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Visual Behavior Neuropixels

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Our ability to perceive the sensory environment and flexibly interact with the world requires the coordinated action of neuronal populations distributed throughout the brain. Yet, the detailed patterns of spiking activity that underlie perception and behavior are not well understood. To further our understanding of the neural basis of behavior, the Visual Behavior project used the Allen Brain Observatory (diagrammed below) to collect a large-scale, highly standardized dataset consisting of recordings of neural activity in mice that have learned to perform a visually guided task. This dataset can be used to investigate how patterns of spiking activity across the visual cortex and thalamus are related to behavior and also how these activity dynamics are influenced by task-engagement and prior visual experience.  

The Visual Behavior Neuropixels dataset includes 153 sessions from 81 mice. These data are made openly accessible, with all recorded timeseries, behavioral events, and experimental metadata conveniently packaged in Neurodata Without Borders (NWB) files that can be accessed and analyzed using our open Python software package, the AllenSDK.

Visual Change Detection Task

The Visual Behavior project is built upon a change detection behavioral task. Briefly, in this go/no-go task, mice are shown a continuous series of briefly presented visual images and they earn water rewards by correctly reporting when the identity of the image changes (diagrammed below). Five percent of images are omitted, allowing for analysis of expectation signals. 


To allow analysis of stimulus novelty on neural responses, two different images sets were used in the recording sessions (diagrammed below). Image set “G” consists of 8 images that were used during behavioral training and are highly familiar to the mice. Image set “H” consists of 6 novel images and 2 familiar images. In 10 mice, training was performed with image set H, and image set G was novel. For most mice, the familiar image set was used for the first recording day and the novel image set was used for the second recording day. In 3 mice, this ordering was reversed (novel, familiar).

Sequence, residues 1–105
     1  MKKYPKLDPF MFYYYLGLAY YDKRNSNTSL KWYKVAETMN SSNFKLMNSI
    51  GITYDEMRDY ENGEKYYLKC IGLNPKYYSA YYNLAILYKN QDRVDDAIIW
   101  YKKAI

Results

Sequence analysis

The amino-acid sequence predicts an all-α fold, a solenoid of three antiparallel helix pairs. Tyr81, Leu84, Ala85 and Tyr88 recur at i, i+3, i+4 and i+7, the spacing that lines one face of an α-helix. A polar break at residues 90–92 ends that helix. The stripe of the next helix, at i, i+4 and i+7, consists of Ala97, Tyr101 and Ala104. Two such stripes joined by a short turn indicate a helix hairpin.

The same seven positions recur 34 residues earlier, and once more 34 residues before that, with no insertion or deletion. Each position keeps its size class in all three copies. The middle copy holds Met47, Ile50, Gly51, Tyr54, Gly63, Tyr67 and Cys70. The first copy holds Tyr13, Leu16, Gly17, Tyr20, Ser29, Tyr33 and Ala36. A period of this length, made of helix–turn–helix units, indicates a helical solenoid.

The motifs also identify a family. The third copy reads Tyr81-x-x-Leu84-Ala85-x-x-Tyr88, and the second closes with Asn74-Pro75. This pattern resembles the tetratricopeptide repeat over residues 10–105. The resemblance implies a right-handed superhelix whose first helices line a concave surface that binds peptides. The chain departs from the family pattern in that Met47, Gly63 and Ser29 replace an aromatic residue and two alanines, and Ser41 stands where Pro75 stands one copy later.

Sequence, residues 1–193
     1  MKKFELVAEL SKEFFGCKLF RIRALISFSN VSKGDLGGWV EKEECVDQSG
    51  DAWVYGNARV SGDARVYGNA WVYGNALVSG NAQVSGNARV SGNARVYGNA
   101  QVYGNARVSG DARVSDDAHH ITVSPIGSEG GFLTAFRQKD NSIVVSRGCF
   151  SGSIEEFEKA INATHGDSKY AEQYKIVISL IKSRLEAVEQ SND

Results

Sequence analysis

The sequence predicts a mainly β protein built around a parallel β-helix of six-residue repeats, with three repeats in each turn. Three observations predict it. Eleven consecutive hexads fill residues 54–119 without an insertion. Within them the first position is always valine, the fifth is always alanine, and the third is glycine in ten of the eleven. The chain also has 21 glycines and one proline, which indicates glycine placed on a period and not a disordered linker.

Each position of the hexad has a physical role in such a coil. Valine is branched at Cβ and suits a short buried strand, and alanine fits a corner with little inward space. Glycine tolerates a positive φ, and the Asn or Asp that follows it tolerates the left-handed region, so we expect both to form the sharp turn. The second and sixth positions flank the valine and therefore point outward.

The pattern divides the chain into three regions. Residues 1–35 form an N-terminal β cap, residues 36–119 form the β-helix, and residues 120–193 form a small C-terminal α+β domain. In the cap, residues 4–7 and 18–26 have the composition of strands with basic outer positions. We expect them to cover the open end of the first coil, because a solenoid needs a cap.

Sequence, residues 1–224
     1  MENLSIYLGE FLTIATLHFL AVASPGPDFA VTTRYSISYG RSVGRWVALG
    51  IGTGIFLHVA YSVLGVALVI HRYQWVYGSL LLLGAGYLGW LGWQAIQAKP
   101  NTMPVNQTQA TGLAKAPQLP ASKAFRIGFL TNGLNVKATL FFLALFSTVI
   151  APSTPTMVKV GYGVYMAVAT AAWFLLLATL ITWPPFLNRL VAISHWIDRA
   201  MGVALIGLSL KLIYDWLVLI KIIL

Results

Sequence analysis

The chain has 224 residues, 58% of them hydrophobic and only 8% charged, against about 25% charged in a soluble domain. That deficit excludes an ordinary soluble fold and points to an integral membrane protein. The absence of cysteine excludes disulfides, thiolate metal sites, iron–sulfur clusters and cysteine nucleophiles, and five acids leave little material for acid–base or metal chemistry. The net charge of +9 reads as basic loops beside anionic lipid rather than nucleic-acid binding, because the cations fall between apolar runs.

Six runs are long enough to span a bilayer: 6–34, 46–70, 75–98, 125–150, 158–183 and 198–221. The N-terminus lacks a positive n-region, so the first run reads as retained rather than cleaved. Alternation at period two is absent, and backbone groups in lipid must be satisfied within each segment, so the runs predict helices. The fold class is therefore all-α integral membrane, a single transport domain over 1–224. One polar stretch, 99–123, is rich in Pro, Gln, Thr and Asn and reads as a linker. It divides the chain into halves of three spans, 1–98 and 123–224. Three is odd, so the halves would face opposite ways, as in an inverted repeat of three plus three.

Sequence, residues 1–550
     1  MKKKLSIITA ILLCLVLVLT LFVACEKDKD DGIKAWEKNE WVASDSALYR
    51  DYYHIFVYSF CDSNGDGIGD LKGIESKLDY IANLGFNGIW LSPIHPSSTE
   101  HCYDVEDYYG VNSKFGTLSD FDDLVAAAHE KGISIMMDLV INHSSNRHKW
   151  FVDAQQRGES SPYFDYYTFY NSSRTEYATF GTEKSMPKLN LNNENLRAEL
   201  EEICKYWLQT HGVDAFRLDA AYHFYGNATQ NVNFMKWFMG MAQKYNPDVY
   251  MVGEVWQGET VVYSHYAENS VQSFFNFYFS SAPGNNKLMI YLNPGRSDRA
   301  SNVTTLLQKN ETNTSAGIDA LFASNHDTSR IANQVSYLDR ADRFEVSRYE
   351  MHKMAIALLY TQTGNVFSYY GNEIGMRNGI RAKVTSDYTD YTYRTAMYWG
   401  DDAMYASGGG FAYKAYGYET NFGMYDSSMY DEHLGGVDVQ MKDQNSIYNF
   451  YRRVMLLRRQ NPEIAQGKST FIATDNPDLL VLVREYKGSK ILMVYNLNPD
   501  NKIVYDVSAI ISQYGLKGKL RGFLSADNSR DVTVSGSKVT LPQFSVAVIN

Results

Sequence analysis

Image sets G (blue) and H (red) have two common images (purple).


During task performance, the timing of behavioral responses (licks) and earned rewards are recorded, as well as mouse running speed, eye position and pupil area.  

Visual Behavior Neuropixels Data

This dataset includes multi-regional Neuropixels recordings from up to 6 probes at once. The probes target six visual cortical areas including VISp, VISl, VISal, VISrl, VISam, and VISpm. In addition, since the probes record along ~3 mm of vertical span, multiple subcortical areas are also typically measured including visual thalamic areas LGd and LP. A subset of experiments were performed in transgenic mice to permit optotagging of either Sst+ or Vip+ interneurons in the cortex. 

Every experimental session consisted of four major stimulus epochs as diagrammed below: 1) an active behavior epoch during which the mouse performed the change detection task, 2) a receptive field characterization epoch during which we presented gabor stimuli and full-field flashes, 3) a passive replay epoch during which we replayed the same stimulus frame for frame as the mouse encountered during active behavior, but now with the lick spout removed and 4) an optotagging epoch during which we stimulated the surface of the brain with blue light to activate ChR2-expressing cortical interneurons.